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By Icoy San Pedro

MY official online behavioral science day-guide had boldly advised through its scheduled-meme, ‘be brave enough to suck at something new’. And I thought, but I haven’t even finished sucking badly at this one yet. A flashback of early high school memories come flooding back, teachers barking during periodical exams; pass your papers, finished or unfinished!

Here in the present, when day-to-day house chores for us homies are overtaken by unannounced extra things-to-do, they begin to pile up like weekend laundry. As this happened, I thought back to one particular advice I always give my son whenever his assigned tasks piled up. No use blaming yourself, begin again, one tiny step at a time.

I wish it were easier. Last month was a back breaker. For starters, the frequent afternoon rains made washing laundry difficult. I had seriously began to ponder the thought of stringing the bedroom so that I could still wash and hang them. When at last, a week of dirty clothes finally got out of the wash, new ones took their place, from out of town trips to Gensan and Manila.

However, along with these chore galore unpleasantries, came events which made my July unforgettable and um, equally-pleasant. These were our family reunions and birthdays celebrations which thankfully took my mind off nightmarish images of hanging clothes under overcast skies. First, I got to attend a birthday party for my batchmate’s nonagenarian mom, where I met again my dear friend whom I haven’t seen since the early eighties. Then came two birthday celebrations for my son, catered to our extended families in General Santos and Davao City. All bases covered there. Last but not least, there was of course, our clan reunions sprung from the short vacation of our niece who flew in from her nursing work in Georgia.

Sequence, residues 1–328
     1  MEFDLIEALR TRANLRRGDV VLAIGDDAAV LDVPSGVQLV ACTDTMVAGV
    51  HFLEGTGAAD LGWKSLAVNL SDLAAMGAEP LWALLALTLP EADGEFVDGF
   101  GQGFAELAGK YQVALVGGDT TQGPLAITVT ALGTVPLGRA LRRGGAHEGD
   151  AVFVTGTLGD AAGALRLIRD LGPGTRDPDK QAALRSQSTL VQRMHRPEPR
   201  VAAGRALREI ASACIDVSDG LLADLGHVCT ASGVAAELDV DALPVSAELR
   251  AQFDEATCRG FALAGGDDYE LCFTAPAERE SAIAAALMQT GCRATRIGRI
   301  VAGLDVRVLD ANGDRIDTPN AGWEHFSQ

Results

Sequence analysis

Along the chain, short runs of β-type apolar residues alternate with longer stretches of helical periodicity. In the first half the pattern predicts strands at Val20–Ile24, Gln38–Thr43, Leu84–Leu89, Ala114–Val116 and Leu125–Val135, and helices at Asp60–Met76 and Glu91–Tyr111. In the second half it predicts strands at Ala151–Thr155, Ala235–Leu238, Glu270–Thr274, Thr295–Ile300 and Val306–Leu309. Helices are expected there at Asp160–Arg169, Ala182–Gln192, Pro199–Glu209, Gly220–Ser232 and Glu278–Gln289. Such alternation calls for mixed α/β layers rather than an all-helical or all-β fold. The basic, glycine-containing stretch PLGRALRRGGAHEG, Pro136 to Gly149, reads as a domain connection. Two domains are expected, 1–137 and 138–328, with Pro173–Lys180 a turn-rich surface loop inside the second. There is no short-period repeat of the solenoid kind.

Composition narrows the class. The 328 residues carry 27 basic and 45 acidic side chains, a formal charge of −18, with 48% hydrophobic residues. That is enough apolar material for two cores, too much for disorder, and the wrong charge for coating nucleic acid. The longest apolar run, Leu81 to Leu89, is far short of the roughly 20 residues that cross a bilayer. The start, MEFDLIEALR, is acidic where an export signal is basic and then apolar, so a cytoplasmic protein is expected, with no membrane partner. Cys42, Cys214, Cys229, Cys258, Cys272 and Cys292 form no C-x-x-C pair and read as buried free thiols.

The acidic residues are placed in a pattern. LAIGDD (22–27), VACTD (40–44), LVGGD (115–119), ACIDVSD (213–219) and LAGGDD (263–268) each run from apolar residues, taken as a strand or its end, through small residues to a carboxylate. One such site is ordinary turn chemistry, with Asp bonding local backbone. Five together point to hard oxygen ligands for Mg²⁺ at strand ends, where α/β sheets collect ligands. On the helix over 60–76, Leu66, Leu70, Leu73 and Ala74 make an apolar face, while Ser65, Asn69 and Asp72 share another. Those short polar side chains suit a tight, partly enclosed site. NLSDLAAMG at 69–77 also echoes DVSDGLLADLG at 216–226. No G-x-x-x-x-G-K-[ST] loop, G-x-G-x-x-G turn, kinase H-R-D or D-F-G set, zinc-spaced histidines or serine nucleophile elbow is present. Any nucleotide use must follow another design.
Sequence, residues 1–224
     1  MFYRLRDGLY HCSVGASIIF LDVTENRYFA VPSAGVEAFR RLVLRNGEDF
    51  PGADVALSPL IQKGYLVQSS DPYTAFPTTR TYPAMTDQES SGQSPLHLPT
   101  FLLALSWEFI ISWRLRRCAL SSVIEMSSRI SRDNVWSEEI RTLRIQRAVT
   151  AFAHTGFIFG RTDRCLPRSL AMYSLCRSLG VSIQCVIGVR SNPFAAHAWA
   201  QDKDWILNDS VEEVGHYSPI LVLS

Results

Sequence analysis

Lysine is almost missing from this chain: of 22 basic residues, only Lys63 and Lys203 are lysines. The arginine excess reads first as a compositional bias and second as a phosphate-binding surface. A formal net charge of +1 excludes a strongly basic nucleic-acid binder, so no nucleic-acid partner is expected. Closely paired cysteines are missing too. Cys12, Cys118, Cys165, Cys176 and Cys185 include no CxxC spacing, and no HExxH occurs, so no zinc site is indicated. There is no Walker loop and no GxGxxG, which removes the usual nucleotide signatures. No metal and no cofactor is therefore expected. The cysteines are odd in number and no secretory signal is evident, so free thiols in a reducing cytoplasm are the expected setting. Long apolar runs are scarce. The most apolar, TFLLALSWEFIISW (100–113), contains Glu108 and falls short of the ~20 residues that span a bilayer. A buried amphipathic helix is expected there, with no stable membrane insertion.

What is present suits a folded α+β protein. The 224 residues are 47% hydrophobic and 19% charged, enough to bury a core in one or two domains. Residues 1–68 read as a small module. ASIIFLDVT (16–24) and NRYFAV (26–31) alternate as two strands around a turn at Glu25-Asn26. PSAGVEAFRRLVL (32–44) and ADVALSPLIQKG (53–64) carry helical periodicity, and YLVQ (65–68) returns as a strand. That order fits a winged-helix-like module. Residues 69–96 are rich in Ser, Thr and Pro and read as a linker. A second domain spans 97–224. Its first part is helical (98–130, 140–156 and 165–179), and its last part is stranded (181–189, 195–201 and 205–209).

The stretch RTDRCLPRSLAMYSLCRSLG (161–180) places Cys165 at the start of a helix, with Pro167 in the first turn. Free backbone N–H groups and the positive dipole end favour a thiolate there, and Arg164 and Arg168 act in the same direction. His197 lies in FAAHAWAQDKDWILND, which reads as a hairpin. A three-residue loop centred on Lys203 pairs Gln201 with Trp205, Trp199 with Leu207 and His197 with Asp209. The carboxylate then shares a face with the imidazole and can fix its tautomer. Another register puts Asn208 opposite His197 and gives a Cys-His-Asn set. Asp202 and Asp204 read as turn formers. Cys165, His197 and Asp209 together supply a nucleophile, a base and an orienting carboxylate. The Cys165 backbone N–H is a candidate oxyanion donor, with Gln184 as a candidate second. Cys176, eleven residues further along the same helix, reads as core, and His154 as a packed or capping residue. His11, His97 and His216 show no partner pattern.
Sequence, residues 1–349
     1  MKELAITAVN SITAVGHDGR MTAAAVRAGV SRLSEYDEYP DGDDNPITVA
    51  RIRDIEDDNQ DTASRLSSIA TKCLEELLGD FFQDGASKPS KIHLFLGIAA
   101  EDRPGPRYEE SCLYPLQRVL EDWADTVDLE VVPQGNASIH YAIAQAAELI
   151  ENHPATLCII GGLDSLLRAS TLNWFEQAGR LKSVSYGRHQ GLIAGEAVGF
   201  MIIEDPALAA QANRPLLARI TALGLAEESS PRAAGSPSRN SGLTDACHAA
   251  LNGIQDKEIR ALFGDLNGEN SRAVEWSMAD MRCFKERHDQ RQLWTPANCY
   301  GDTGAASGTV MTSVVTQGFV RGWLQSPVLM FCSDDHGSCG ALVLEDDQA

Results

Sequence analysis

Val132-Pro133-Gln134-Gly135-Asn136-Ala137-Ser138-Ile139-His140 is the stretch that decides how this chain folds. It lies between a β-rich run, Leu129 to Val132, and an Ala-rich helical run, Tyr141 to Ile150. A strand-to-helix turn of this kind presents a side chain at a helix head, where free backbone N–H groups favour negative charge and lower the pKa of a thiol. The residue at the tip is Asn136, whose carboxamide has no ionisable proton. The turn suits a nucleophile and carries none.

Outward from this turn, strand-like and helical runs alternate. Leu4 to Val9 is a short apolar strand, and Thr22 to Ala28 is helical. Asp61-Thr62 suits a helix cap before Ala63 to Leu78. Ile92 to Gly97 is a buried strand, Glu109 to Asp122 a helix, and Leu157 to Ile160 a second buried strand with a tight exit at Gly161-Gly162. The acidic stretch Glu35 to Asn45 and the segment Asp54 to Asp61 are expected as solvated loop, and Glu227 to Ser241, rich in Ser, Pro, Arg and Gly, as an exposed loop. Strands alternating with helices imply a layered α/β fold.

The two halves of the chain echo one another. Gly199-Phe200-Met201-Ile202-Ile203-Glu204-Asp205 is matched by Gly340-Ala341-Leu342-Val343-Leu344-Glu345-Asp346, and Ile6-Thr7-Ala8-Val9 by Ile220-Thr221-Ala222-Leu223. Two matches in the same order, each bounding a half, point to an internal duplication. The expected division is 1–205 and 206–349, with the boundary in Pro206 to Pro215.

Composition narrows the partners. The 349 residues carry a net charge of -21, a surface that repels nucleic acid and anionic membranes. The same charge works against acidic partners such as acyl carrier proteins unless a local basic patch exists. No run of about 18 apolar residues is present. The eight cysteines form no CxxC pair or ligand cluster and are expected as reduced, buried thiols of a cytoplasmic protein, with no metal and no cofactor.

While this piece may have found me a bit down in the beginning, with so many things left undone besides my favorite laundry workout, things aren’t all that bad as yet. Our wee family’s evening prayers at dinner still contain the usual thank yous for this tribe’s health, safety and protection, as we extend the same to our beloved extended families, friends, the neighborhood and the community.

Borrowing from Reader’s Digest, Life’s like that. While we’re entitled to rant a bit about a little discomfort coming our way, it’s really counting the blessings and being thankful for all of them that matters in the end.

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